Cause for John Paul II Advances
Case Focusing on Nun Cured of Parkinson's Disease
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VATICAN CITY, MARCH 11, 2007 (Zenit.org).- The closing session of the diocesan investigation of Pope John Paul II's life and virtues will take place on the second anniversary of his death.
Cardinal Camillo Ruini, Benedict XVI's vicar for Rome, made the announcement Saturday in a letter published in the diocesan weekly RomaSette.
The cardinal extended a public invitation to the ceremony April 2, the Monday of Holy Week, which will take place at midday in the Basilica of St. John Lateran.
The solemn opening of the diocesan phase took place June 28, 2005, less than three months after John Paul II's death.
In an interview with the Italian newspaper Il Corriere della Sera, Cardinal Stanislaw Dziwisz, archbishop of Krakow, and John Paul II's former secretary, said: "Now the word passes to the Curia in Rome."
After the closing of the diocesan investigation, the Roman phase will begin with the elaboration of a report to be prepared by a collaborator of the postulator of the cause, Monsignor Slawomir Oder, under the guidance of a relator of the Congregation for Saints' Causes.
That congregation will also receive the documents relating to the miracles attributed to John Paul II's intercession.
Monsignor Oder revealed Saturday that the investigation is concentrating especially on the case of a French nun who was cured inexplicably of Parkinson's disease.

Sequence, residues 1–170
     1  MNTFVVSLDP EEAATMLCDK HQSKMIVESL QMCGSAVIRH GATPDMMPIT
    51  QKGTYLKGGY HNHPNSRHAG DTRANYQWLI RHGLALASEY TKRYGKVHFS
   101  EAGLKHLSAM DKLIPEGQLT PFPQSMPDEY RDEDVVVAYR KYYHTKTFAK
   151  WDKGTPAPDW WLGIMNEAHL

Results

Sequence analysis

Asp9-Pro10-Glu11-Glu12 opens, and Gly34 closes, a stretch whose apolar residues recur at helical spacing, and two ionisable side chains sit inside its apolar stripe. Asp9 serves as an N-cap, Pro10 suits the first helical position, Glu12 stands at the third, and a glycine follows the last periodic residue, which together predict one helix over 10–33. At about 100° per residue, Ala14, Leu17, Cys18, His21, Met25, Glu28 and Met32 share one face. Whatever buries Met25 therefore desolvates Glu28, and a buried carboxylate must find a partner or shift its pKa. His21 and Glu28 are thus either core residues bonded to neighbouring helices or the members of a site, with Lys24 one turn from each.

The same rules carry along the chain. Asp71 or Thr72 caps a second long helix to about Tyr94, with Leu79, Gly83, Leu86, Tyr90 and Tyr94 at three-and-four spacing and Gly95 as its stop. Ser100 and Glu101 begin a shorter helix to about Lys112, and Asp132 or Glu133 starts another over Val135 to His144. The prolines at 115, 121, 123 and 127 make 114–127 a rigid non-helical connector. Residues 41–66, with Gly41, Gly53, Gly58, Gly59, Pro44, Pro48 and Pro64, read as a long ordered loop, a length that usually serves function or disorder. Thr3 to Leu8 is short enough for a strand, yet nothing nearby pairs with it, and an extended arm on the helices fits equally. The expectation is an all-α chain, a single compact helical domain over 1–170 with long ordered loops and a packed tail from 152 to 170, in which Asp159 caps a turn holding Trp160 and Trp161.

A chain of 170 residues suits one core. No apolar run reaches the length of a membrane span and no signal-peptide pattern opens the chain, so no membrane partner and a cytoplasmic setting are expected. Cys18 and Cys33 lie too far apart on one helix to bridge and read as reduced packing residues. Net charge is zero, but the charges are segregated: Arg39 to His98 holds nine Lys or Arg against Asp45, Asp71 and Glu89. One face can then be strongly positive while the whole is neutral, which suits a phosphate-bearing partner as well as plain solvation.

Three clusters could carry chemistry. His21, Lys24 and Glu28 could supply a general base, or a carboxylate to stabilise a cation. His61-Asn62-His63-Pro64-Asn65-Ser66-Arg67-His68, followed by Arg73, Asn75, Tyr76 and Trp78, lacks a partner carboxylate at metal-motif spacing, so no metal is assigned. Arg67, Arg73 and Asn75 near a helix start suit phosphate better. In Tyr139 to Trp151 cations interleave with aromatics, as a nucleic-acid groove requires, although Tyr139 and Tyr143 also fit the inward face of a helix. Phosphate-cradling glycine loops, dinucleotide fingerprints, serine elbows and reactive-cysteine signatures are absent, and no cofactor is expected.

Cardinal Dziwisz, who was John Paul II's assistant for 40 years, said: "Juridically, the beatification allows for only one ... devotion of a local character, namely, in the Diocese of Krakow. In this, perhaps, there is a contradiction, as he has surmounted all the barriers, he belongs to the whole world."
The cardinal continued: "It is certainly possible to 'make the leap' to beatification and begin immediately with the process to make him a saint. However, this depends on the Holy Father.
"For a long time, the process of beatification did not exist; there was only canonization. Beatification is a juridical rule. The Holy Father can decide otherwise."
"Canonization is very different from the theological point of view," added Cardinal Dziwisz. "The declaration of holiness is only a prerogative of the Pope; in this regard, the Holy Father cannot be substituted by any one, as that declaration is connected to infallibility."